Less than four-in-ten say having the same rights for men and women (37%), freedom of religion for religious minorities such as Copts (32%), and allowing religious parties to be part of the government (31%) are very important. The importance of having religious parties in government has dropped 16 percentage points since 2013, the steepest drop among any of the democratic values asked.
Over the last few years, Egypt has experienced multiple mass demonstrations, but the freedom to protest peacefully (29% very important) ranks relatively low on the list of democratic values respondents believe are important for Egypt’s future.
Last on the list is civilian control of the military. Just 26% say having a military under control of civilian leaders is very important. This is largely unchanged from the 27% registered in 2013, before the removal of Morsi from power.
Generally, men are more likely than women to see the freedom to openly criticize the government and honest elections as very important, but on other items, there are fewer differences. Overall, these democratic values are shared across Egyptian society.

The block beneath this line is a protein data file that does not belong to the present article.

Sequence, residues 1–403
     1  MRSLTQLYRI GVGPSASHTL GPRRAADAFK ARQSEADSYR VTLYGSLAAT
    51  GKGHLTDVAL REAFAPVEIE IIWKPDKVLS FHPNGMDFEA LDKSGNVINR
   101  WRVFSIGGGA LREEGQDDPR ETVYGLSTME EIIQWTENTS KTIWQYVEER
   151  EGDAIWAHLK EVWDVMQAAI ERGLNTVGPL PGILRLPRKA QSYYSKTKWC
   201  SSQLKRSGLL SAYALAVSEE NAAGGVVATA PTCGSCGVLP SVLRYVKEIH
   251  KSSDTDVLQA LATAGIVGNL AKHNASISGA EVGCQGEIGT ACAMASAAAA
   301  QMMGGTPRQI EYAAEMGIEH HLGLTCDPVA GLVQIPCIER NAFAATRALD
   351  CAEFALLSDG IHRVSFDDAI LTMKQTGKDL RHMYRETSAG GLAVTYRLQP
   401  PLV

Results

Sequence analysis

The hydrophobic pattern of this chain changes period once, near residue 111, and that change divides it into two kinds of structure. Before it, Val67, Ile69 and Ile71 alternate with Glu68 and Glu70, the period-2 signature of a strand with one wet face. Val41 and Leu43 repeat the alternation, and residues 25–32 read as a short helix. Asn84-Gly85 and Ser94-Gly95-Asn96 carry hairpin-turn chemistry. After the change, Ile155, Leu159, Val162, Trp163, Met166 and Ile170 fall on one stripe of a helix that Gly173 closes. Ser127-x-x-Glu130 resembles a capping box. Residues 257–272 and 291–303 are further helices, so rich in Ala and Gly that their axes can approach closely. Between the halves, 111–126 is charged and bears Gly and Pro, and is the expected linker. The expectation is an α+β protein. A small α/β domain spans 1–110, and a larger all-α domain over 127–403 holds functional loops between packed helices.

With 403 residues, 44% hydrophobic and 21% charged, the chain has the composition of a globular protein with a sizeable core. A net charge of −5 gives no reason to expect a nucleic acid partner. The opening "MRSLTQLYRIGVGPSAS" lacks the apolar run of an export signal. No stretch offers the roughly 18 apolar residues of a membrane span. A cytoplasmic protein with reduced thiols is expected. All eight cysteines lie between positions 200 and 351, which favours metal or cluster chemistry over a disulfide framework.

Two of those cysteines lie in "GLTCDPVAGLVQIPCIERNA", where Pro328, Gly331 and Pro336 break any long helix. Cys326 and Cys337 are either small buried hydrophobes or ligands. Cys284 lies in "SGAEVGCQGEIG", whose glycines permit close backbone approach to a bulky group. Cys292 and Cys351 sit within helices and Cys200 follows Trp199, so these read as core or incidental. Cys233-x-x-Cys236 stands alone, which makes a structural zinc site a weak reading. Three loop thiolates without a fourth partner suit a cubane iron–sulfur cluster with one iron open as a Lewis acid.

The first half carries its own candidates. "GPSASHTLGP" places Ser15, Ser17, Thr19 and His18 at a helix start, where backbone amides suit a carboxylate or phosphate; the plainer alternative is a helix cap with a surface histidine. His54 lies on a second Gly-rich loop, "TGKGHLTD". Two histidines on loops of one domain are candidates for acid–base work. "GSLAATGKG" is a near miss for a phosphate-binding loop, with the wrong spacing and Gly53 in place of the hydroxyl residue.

Islam and Egyptian Democracy
About half of Egyptians (48%) agree that laws should strictly follow the teaching of the Quran. While this still represents the plurality opinion in Egypt, agreement with this principle is down 10 percentage points since 2013 and 14 points since 2011. Around a third (31%) say laws should follow the values and principles of Islam, but not strictly follow the Quran. Only 16% say that laws should not be influenced by the teachings of the Quran. However this is a significantly more common viewpoint today than three years ago.
It was widely acknowledged that the Muslim Brotherhood-led Morsi government wanted to shape Egyptian society to more closely follow Islamist teachings. To that effect, Egyptians who have a favorable view of the Muslim Brotherhood are more likely to say that laws should strictly follow the Quran (56%), compared to those with an unfavorable view of the Brotherhood (43%). Similarly, those who oppose the July 2013 overthrow of the Morsi government are more likely to support a strict interpretation of Islam for their laws (55%) than those who favored the overthrow (45%).